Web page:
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On Maintaining Work-Life Balance While Memorizing The Quran

Ammar Al Shukry



Way back in 2011 I was able to witness the memorization ceremony of a convert Muslimah, sister Julie. She had been Muslim for a few years up until that point and had just completed committing the Quran to memory. I conducted a brief interview with her and picked her brain on how she maintained a work-life balance, her journey memorizing as a convert and as a non-Arabic native, and gems and advice she wanted to share for those seeking that path.

1- What kept you motivated during your hifdh journey, and now while you revise and teach?

Before beginning hifdh, I had already thought about why I wanted to complete the memorization of the Qur’an, and I was completely determined to reach this goal. This full commitment and remembering ‘why’ I was going down this path helped many times while memorizing, and also as I continue to revise and learn other branches of Qur’anic knowledge and teach others. It would be very difficult for anyone to complete their memorization, particularly as an adult, without this strong resolve and consciousness of the benefits and rewards of hifdh.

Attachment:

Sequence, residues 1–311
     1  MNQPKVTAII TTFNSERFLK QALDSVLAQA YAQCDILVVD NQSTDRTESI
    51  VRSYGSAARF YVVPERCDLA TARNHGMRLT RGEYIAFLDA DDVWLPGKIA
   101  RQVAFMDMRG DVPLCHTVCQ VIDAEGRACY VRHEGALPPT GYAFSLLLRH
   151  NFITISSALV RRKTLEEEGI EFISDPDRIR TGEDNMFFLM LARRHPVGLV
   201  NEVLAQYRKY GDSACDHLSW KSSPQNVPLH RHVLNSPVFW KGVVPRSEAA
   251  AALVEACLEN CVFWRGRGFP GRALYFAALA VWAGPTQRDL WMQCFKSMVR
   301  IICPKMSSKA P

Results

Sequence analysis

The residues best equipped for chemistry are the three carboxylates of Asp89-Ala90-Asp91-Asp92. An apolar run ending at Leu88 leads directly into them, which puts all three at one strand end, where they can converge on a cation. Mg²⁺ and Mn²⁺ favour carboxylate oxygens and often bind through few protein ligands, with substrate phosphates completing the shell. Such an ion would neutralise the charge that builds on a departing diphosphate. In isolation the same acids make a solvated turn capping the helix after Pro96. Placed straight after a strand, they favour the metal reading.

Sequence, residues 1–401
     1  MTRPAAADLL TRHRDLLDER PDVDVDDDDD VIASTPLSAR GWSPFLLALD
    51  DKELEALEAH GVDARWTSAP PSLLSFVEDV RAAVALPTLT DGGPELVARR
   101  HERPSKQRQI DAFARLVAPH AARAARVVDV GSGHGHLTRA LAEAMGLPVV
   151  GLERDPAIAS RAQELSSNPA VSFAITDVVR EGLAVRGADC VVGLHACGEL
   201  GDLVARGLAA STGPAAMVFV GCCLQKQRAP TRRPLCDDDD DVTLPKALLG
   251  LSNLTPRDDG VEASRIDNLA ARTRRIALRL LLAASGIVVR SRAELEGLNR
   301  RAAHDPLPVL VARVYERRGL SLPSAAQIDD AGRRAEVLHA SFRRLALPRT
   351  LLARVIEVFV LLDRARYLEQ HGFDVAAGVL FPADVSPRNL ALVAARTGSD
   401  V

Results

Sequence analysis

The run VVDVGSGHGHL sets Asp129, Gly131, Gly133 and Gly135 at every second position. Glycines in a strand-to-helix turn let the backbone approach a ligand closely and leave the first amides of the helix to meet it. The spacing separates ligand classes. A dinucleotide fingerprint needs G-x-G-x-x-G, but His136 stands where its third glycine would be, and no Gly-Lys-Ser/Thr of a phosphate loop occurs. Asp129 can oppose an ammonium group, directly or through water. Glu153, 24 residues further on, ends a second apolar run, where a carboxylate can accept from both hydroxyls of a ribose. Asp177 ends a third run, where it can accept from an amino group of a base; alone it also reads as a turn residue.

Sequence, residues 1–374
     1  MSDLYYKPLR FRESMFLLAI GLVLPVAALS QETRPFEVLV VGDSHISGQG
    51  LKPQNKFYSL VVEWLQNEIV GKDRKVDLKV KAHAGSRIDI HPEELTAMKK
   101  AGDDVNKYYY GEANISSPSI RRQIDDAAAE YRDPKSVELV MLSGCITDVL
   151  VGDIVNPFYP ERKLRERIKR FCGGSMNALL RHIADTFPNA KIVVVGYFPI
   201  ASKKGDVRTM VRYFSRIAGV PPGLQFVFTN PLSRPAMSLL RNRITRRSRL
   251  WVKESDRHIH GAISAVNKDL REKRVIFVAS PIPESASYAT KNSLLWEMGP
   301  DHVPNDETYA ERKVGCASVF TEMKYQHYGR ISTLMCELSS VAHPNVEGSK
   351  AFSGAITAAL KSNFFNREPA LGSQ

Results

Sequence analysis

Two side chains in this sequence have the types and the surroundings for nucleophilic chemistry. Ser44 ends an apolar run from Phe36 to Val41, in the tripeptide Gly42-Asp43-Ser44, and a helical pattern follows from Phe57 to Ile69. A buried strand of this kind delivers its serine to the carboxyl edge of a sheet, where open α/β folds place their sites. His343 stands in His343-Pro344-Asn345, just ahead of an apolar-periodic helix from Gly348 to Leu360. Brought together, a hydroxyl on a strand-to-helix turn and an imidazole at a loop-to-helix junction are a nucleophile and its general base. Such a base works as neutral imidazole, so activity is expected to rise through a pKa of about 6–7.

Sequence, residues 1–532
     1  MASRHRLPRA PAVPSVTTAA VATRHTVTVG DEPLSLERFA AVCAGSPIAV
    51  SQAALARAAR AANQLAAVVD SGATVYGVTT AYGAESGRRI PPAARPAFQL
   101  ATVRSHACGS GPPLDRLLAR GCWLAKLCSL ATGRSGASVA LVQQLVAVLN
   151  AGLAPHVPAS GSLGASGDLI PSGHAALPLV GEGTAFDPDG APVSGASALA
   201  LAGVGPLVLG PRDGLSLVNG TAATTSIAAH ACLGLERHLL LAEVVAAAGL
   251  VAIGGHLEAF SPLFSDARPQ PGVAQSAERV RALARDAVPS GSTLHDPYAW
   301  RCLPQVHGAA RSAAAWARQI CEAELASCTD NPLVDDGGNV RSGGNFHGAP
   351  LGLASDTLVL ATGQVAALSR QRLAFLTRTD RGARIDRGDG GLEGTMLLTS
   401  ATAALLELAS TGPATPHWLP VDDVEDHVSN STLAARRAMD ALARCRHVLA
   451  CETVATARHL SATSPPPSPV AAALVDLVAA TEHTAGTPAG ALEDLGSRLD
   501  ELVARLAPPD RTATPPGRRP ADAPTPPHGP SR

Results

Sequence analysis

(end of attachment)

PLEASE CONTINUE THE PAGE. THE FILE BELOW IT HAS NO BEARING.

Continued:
2- What advice do you have for huffadh and teachers who struggle with ‘fame’ and praise?

Realize that hifdh, or knowledge of the Qur’an in general, is a blessing from Allah. Know your own shortcomings and what you need to work on. Make and reflect upon the following du’a taught to us by the Prophet ṣallallāhu 'alayhi wa sallam (peace and blessings of Allāh be upon him): “Oh Allah do not call me to account for what they say and forgive me for what they have no knowledge of and make me better than they imagine.”

3- What was the most difficult struggle you’ve had to face, and how did you overcome it?

Nothing out of the ordinary came up while I was doing hifdh. The most difficult issue was balancing work and other obligations along with memorization over an extended period of time. It is necessary to consistently maintain a high level of discipline to keep everything on track.

4- What do you think is the main reason why people struggle to stay motivated to finish their memorization?

The reasons would differ from person to person and could include spiritual factors, such as a wrong intention, or issues with other factors such as discipline or consistency in memorization. One trap that some students fall into is that they begin hifdh because the idea sounds appealing, yet they omit to plan sufficiently for how they are going to accomplish that goal. By omitting to make a realistic plan or find a teacher who can guide them, many people become quickly overwhelmed and give up.